This past week I had one of the most surreal experiences ever as a T.A. A student came to meet with me, with no real clear idea what he wanted his paper to be about. But he had narrowed it down to two options (after I explained to him that the story he had spent the most time on was not, in fact, one we assigned for the class), so we went over both of them. The first was a faintly intriguing though very nebulous investigation into Poe's "The Fall of the House of Usher." The second was a bit more...unusual. Here is a reproduction of the conversation as best I remember it:
Student: Also, I was thinking of writing on "The Cask of Amontillado."
Me: Ok, why did you find that one so interesting?
Student: Well, there's that one line about him being a Mason, and I thought that was really interesting because I'm a Mason myself.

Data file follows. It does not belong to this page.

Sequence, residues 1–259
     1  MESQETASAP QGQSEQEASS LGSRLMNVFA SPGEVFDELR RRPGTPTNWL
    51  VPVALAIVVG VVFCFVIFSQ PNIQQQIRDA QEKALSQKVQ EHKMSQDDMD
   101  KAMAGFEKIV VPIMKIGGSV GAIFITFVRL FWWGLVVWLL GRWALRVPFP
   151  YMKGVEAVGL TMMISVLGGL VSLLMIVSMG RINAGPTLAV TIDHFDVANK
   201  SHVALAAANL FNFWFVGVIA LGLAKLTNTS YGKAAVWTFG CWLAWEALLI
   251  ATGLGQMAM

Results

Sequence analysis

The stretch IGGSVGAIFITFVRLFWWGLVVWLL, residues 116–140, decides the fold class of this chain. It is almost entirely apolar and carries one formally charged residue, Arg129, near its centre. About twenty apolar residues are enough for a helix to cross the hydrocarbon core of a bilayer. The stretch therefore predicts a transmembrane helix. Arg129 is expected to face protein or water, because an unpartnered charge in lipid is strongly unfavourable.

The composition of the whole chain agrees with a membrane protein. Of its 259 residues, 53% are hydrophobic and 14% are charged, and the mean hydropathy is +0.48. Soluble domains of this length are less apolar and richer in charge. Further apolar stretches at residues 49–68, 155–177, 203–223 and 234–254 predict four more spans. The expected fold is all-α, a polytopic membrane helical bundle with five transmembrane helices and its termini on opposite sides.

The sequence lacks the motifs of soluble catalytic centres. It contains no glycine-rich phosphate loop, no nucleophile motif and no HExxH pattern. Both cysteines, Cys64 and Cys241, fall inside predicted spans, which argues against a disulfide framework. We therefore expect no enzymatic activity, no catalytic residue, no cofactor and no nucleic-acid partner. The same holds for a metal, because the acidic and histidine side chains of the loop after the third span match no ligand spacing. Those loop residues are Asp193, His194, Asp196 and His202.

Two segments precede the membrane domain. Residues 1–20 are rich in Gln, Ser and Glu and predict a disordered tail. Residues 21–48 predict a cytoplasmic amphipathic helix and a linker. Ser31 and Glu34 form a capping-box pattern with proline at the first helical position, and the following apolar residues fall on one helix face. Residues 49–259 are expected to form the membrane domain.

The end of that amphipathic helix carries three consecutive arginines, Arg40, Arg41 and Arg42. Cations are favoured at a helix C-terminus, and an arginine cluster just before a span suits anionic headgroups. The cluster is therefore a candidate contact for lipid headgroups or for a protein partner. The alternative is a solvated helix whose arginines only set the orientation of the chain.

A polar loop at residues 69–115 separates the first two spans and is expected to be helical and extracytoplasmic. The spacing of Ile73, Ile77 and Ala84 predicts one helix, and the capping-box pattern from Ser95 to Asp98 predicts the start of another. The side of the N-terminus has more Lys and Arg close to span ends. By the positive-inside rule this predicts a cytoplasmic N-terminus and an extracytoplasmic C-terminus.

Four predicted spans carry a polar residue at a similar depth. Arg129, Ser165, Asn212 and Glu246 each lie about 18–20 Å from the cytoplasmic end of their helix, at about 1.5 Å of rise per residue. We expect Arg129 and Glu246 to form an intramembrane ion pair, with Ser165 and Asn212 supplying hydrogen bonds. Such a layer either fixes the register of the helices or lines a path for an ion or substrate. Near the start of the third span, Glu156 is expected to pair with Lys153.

Me: (incredulous) Ok...?
Student: I'm really fascinated by all the history, and I think the fight in the story might have something to do with the Great Schism of 1753, which would be a really cool thing to look at.
Me: (shocked and confused): Ok.... And how would that help understand the story more? Why might that matter to Poe?
Student: Yeah, I'm not really sure.
Me: You might want to go with the other one, then. Seems like there's more to work with.
So now I've got a Mason in my section. And I'm terrified that if I give him a bad grade, his masonic brothers will rise up and bring about my downfall in some obscure, hidden-hand fashion. Or maybe they'll just wall me up inside a crypt in a bizarre bit of irony.
On the plus side, I'm really tempted to ask him just how true the National Treasure movies are.